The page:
SNO+ Neutrino Experiment

Applications are invited from talented and creative students for a PhD place in Experimental Particle Physics, to join the Sussex group working on the SNO+ experiment under the supervision of Dr Lisa Falk. SNO+ offers a rich programme of neutrino physics, which includes neutrinoless double beta decay, antineutrinos from reactors and geothermal activity, solar neutrinos and a supernova watch. It is located at SNOLAB, 2 km underground in the Creighton mine in Canada. Data-taking commenced in 2017. The successful candidate is expected to work on the analysis of antineutrinos, focusing on an oscillation measurement using nearby reactor sources. The student will also spend some fraction of their time developing software for the calibration of the experiment and for data quality assurance, as well as participating in SNO+ experimental operations. The project is likely to involve spending an extended period of time at SNOLAB.

ATLAS Inner Detector Trigger Development and Searches for Electroweak SUSY

A studentship is available to work with Professor Fabrizio Salvatore on the characterisation of the ATLAS Inner Detector (ID) Trigger and on the analysis of ATLAS data, looking for Beyond the Standard Model (BSM) physics at the ATLAS experiment. The student will work on the development, testing and commissioning of ID trigger algorithms to efficiently select electron-, muon- and tau-triggered events at the start of (and during) Run3  of the ATLAS experiment. This is a task for which the Sussex group have leadership in the experiment. The Sussex group is also one of the leaders in the search for BSM physics in Electroweak SUSY. The student will search for SUSY in ATLAS data, with specific emphasis on final states with one or more tau events in VBF (2taus + 2 jets + missing energies) and ISR (2taus + jet + missing energy) scenarios, which are going to hold competitive sensitivities for SUSY in the Large Hadron Collider Run 3 data. The student will be studying new techniques (ML, MVAs, etc) and/or new variables for the analysis, as well as possible new triggers to select these events in ATLAS data.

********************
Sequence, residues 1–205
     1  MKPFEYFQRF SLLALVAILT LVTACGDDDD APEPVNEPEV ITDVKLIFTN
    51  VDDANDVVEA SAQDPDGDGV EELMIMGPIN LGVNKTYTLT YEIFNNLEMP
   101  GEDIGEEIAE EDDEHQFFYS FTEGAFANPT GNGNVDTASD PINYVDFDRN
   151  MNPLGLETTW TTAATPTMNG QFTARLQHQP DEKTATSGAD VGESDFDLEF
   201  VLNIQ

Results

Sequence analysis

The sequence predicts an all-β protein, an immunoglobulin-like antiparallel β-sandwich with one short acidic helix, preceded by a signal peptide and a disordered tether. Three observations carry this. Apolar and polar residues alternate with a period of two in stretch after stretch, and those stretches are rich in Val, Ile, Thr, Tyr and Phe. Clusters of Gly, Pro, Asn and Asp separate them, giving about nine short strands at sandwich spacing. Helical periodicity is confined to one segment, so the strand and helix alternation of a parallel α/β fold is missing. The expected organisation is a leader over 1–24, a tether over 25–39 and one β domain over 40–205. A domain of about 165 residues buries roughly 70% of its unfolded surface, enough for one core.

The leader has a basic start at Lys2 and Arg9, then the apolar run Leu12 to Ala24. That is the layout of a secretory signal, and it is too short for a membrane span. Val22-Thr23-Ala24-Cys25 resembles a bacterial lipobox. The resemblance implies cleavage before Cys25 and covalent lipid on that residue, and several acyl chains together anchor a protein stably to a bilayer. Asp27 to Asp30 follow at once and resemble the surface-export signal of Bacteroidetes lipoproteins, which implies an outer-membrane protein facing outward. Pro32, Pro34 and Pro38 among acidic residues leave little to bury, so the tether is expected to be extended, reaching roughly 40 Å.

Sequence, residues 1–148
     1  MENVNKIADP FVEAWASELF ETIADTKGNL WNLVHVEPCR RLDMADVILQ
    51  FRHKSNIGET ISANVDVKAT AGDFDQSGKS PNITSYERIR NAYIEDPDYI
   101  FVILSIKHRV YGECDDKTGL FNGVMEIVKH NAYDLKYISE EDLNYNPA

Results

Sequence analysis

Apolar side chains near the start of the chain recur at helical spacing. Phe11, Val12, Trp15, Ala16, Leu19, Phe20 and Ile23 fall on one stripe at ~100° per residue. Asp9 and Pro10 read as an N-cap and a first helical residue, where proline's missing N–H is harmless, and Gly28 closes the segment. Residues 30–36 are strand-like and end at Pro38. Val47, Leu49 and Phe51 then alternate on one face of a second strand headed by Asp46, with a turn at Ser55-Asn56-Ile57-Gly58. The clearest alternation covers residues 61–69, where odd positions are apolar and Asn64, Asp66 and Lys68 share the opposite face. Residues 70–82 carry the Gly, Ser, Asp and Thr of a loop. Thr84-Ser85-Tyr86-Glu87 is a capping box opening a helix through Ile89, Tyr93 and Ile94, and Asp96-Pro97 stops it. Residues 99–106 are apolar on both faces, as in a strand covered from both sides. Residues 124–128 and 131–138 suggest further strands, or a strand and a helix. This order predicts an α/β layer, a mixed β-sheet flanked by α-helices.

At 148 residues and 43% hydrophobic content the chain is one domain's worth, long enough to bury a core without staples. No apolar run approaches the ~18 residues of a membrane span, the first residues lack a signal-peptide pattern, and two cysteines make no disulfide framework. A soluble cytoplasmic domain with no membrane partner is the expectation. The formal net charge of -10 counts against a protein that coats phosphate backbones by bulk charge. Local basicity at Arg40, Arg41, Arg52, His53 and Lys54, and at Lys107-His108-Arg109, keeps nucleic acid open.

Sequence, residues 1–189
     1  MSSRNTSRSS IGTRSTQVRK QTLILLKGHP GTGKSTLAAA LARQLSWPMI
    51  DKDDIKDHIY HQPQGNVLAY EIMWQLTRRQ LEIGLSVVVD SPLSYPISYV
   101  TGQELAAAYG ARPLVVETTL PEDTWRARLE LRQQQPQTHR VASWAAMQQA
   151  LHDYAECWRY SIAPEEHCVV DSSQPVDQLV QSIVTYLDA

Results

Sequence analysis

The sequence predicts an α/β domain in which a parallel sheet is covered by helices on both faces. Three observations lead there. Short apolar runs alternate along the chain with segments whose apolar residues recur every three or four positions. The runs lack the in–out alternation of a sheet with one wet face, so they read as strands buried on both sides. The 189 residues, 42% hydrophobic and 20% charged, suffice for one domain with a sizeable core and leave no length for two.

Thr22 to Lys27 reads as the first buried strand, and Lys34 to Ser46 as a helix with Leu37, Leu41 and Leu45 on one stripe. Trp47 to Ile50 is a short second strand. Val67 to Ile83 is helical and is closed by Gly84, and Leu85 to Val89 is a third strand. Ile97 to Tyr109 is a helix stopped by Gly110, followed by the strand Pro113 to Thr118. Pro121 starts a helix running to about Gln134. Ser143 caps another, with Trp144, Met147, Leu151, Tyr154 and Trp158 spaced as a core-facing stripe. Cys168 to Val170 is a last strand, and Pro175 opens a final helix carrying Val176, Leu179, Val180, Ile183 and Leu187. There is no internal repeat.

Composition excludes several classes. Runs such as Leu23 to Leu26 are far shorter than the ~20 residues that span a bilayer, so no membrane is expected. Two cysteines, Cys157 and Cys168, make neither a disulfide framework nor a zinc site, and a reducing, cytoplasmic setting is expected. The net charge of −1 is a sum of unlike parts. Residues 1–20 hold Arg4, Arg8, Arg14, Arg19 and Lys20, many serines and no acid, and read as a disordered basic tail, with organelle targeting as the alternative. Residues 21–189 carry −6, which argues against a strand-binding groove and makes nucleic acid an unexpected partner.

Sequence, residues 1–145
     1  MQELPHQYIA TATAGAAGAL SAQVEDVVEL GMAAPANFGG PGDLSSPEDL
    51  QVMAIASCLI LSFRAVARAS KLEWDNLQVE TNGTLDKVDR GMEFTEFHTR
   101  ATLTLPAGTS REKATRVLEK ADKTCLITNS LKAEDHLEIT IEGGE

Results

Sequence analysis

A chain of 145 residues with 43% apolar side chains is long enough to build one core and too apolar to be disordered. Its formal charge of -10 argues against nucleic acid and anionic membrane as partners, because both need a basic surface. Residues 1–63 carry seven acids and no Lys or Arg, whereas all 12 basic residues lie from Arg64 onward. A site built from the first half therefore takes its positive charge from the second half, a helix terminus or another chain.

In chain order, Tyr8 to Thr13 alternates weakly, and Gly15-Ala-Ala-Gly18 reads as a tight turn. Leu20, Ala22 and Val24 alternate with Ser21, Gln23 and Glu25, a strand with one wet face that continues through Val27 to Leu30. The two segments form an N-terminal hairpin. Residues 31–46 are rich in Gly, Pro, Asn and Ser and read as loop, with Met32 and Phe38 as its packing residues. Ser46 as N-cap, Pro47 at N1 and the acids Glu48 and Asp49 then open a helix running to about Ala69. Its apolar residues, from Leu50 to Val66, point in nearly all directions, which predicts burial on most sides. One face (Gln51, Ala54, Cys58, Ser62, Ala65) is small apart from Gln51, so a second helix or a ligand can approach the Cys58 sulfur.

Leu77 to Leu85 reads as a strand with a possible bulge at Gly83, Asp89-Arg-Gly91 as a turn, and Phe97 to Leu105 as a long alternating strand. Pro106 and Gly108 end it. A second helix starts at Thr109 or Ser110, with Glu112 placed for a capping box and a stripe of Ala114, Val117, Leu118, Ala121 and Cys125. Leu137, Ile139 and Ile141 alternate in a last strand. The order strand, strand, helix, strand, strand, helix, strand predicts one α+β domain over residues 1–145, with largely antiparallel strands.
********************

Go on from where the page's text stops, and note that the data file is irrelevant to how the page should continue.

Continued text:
Dark matter search with DUNE

The Deep Underground Neutrino Experiment (DUNE) will be the next generation neutrino observatory. This 40 ktonne liquid argon TPC will be located 1 mile underground in the Sanford Underground Research Facility (SURF) in South Dakota and be exposed to the world's most intense accelerator driven neutrino beam from Fermilab near Chicago. Its science goals are to study neutrino oscillation, determine if there is CP violation in the lepton sector and make precision measurements of oscillation parameters. It will also search for GUT signals like proton decay or neutron anti-neutron oscillations and act as a telescope for neutrinos coming from supernova explosions and the sun. In addition, dark Matter can be gravitationally trapped in the sun, annihilate, and produce neutrinos, which can then be detected by DUNE. This studentship would involve developing the methods for triggering and detecting dark matter generated neutrinos as well as determining the sensitivity to these signatures. The student will work at the interface between theory and experiment, especially in the DAQ system. Some of the algorithms developed during the studentship can be tested in the next run of the ProtoDUNE detectors at CERN in 2021. The project is under the supervision of Professor Simon Peeters, in partnership with the Rutherford Appleton Laboratory (RAL) Particle Physics Department (PPD). RAL-PPD is at the heart of the UK activities in DUNE, providing overall leadership and project management in the UK as well as the international technical lead for DAQ systems of the far detector.